The 26 swing thoughts of Rory McIlroy or Jordan Spieth’s careful and thoughtful consideration of every blow? It’s all a waste of time and we should play “caveman golf”.
When that verdict comes from a deep thinker such as Richie Ramsay, you get the idea that he may be on to something. A self-confessed overthinker, the Scot thinks he needs to be much more like new World No 2 and flavour of the month Dustin Johnson.
Many think that Johnson’s style is down to him not being the brightest peg on the practice range, but Ramsay thinks there’s much to commend it and to copy.
“I just need to keep it simple,” he said on arrival at Castle Stuart for the Aberdeen Asset Management Scottish Open.” I always believe the best golfers are either the guys who don’t think at all or really think about it and work out a proper plan.
“DJ is a great example of that. He just stands up and hits it. It’s a simple game when you play caveman golf; see target, hit ball, find ball and see target again. You just have to keep it simple.”
Johnson’s attitude is common to American players, Ramsay believes.
“He looks as though he plays golf under pressure as if he is playing with friends, which is a great ability,” he continued. “Tiger Woods was more intense and obviously knew what he was doing, but DJ does it a different way that also works, as he much more free-flows it.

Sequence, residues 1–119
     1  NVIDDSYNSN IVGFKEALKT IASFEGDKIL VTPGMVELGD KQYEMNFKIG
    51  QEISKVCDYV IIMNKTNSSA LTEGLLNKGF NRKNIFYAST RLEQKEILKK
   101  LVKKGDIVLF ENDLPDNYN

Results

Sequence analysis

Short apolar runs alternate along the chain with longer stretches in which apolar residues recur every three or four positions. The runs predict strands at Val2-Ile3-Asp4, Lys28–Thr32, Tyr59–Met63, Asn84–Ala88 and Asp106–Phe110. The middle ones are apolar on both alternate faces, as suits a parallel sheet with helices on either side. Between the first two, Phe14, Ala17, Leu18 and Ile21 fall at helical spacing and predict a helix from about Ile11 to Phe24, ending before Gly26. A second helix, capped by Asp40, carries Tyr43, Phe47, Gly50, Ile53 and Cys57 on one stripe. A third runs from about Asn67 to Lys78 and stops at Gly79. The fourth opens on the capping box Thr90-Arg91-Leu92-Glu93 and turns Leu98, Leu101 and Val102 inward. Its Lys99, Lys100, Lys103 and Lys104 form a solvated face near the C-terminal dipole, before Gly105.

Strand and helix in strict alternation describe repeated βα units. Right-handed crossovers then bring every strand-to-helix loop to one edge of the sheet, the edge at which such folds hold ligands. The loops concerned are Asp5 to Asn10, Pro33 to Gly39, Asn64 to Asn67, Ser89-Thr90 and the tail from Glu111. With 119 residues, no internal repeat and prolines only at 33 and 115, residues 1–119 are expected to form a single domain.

“It helps, of course, that he hits it 360 yards and straight as well. But I remember seeing him on the TaylorMade truck at Muirfield in 2013 and it struck me how relaxed he was. That’s a good way to be.”
Ramsay is one of the smarter players on the circuit and is self-aware enough to acknowledge that this simple style goes against nearly every instinct he has.
“I can get much too fiddly,” he admits. “I start asking how far it is to the back edge rather than just picking a yardage and swinging it.
“When I do that I am normally pin high. When you get too much information you can over-think.”
Ramsay is coming towards a spell when he plans to take more time off – he and wife Angela are still adjusting to parenthood with daughter Olivia born earlier this year – but he’ll work more on the mental side and going on the course than trying to fine-tune technique on the range.
“I would love to play the Open (if he could qualify in one of the places within the top 12 this week) but just finishing high here is probably the more important,” he continued. “I would rather just get that performance under my belt going into a break.
“It would be nice to do that and get you the motivation to work hard over the break to get better. If you try to force it, it becomes harder.
“I have got a couple of little things I’m going to change over the break to try to get better. I’m going to work on the mental side.
“I’ll have two weeks off if I don’t make the Open, play the Paul Lawrie Matchplay, and then have another two weeks off. Then I have a run of tournaments and that is normally when I turn up another gear for some reason.”